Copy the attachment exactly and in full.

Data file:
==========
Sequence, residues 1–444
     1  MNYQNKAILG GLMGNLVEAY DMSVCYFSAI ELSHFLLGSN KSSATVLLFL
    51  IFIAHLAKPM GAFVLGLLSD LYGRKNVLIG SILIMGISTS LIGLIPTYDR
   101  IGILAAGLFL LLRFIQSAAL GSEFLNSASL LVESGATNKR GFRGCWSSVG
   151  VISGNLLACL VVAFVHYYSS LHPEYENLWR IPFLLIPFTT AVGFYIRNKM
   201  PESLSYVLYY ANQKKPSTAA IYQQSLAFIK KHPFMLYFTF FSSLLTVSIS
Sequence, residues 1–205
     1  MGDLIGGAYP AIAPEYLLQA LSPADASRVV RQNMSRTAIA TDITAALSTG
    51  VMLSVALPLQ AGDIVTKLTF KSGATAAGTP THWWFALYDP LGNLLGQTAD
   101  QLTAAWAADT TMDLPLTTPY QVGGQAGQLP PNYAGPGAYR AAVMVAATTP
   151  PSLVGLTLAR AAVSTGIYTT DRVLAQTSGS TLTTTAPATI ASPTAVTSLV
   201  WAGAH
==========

Sequence, residues 1–444
     1  MNYQNKAILG GLMGNLVEAY DMSVCYFSAI ELSHFLLGSN KSSATVLLFL
    51  IFIAHLAKPM GAFVLGLLSD LYGRKNVLIG SILIMGISTS LIGLIPTYDR
   101  IGILAAGLFL LLRFIQSAAL GSEFLNSASL LVESGATNKR GFRGCWSSVG
   151  VISGNLLACL VVAFVHYYSS LHPEYENLWR IPFLLIPFTT AVGFYIRNKM
   201  PESLSYVLYY ANQKKPSTAA IYQQSLAFIK KHPFMLYFTF FSSLLTVSIS
Sequence, residues 1–205
     1  MGDLIGGAYP AIAPEYLLQA LSPADASRVV RQNMSRTAIA TDITAALSTG
    51  VMLSVALPLQ AGDIVTKLTF KSGATAAGTP THWWFALYDP LGNLLGQTAD
   101  QLTAAWAADT TMDLPLTTPY QVGGQAGQLP PNYAGPGAYR AAVMVAATTP
   151  PSLVGLTLAR AAVSTGIYTT DRVLAQTSGS TLTTTAPATI ASPTAVTSLV
   201  WAGAH